Mile 10 (3am) – 40mins 08secs

This mile was hard. I’m cold again and there’s nothing I can do about it – I can’t push any more. My arms are tired, my left shoulder is sore, it’s still raining and water is starting to seep into the tent. George is completely knackered. For the last couple of miles, it’s been me encouraging him. For the first time, he didn’t meet me at the poolside with a towel.
Gary is doing great in his wetsuit. He’s even adding a few extra lengths to each swim to make 20 kilometres.
Time for another 20 minute nap. Weather deities, when I wake up, please let there be a lovely warm sunrise. I’ve been looking forward to it for hours.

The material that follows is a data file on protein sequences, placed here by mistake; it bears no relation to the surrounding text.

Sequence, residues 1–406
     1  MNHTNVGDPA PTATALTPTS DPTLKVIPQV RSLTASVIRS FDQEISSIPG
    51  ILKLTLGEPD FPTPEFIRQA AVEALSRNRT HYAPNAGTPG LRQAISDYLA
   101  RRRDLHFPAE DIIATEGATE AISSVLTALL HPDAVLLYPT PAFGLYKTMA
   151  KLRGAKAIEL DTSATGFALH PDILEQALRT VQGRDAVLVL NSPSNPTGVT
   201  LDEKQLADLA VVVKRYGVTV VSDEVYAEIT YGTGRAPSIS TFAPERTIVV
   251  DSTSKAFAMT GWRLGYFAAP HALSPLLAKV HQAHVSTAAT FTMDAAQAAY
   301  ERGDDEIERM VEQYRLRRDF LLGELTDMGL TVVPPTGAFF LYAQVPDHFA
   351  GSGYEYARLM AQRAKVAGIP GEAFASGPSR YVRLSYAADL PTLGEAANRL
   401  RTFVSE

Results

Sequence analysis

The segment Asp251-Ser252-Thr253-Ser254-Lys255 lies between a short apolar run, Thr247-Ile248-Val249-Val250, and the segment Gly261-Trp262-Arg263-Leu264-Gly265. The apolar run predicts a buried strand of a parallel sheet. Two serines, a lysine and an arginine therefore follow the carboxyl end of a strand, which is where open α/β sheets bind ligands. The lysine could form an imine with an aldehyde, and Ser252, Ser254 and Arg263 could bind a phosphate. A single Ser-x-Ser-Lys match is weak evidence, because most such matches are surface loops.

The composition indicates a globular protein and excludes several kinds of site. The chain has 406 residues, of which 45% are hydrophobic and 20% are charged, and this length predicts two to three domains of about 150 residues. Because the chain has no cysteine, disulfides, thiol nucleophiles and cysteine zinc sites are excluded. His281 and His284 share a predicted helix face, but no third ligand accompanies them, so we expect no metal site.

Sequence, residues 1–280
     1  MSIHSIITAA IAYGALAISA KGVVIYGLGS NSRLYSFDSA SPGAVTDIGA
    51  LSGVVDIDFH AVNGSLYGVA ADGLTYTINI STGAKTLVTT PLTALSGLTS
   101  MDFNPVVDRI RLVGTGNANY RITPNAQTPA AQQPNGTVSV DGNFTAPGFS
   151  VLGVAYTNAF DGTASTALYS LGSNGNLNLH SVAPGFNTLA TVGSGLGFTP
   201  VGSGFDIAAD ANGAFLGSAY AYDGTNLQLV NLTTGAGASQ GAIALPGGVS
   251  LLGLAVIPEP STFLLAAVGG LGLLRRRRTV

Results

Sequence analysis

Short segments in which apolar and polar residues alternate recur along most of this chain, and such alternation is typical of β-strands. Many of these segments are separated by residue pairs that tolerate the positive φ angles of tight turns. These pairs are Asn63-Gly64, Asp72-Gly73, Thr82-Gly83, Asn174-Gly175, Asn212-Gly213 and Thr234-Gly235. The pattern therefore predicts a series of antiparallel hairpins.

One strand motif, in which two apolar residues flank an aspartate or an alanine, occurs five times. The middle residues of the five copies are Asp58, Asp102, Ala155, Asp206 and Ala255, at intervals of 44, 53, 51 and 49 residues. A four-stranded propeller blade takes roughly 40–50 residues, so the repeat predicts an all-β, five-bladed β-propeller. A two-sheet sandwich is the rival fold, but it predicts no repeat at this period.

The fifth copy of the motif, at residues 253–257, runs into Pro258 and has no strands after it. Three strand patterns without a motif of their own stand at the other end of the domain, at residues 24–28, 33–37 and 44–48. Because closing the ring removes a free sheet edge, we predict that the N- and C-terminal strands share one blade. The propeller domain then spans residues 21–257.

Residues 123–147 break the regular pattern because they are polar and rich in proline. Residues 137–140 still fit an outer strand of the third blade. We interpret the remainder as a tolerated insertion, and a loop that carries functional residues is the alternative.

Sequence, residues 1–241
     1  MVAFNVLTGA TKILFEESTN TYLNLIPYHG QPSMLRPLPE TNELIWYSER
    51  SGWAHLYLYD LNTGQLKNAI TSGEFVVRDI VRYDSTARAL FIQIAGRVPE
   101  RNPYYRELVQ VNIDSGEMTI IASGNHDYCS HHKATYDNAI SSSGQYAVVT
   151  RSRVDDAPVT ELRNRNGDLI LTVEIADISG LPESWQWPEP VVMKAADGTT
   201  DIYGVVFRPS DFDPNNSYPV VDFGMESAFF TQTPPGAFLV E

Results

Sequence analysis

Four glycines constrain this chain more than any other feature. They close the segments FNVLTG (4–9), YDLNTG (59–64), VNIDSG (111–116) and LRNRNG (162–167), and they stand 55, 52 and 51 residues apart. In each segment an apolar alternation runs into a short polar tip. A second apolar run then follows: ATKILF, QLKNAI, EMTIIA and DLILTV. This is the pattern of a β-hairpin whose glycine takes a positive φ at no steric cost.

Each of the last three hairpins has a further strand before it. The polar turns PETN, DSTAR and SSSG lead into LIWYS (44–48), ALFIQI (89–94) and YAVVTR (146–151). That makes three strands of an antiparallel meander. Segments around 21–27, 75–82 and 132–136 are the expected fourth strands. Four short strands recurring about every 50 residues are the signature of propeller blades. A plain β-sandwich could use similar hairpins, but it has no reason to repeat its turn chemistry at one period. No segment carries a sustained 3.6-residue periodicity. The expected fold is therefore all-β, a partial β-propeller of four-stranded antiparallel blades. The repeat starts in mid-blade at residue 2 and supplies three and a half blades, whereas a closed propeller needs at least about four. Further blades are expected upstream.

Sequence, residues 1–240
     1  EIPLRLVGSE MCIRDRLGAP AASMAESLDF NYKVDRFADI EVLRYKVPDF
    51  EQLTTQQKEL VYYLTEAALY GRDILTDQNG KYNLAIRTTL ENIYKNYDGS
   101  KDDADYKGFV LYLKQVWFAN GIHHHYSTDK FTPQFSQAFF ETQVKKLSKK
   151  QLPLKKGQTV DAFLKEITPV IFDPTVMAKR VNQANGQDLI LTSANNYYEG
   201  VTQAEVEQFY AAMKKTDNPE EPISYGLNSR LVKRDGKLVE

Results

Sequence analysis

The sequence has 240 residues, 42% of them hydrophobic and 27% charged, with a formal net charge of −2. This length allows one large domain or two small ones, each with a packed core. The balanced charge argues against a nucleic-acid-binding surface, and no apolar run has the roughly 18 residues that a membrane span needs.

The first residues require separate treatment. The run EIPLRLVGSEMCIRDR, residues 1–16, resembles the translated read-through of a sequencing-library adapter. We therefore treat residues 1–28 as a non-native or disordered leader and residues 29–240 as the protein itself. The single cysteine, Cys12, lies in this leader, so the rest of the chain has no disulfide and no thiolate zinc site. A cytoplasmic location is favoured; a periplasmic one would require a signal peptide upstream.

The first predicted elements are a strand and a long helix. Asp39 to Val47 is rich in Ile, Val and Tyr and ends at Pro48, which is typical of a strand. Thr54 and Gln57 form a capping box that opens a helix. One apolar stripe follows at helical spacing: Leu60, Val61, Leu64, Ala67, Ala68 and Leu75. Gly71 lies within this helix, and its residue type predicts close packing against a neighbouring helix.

Mile 11 (5am) – 42mins 14secs

Another cold mile. I don’t know whether the water got colder or I’m out of energy to keep warm but my swims are cold now. I could, of course, put on my wetsuit but I’ve come so far without it.
The swims are getting depressing. Until about 11pm, the event had a great atmosphere –keen swimmers and supporters, music, camaraderie.
But now the spectators are gone, many swimmers have dropped out and everyone left is cold and tired. George is knackered all the time and I feel bad for dragging him here. I hardly see Gary because both of us just swim, eat, sleep, and repeat in reverse order to each other. I’m also not getting supportive messages from my family back home anymore because it’s past their bedtime. I always knew that the night swims would be the hardest, I just hadn’t realised why – the stressed atmosphere is a lot more difficult than the dark.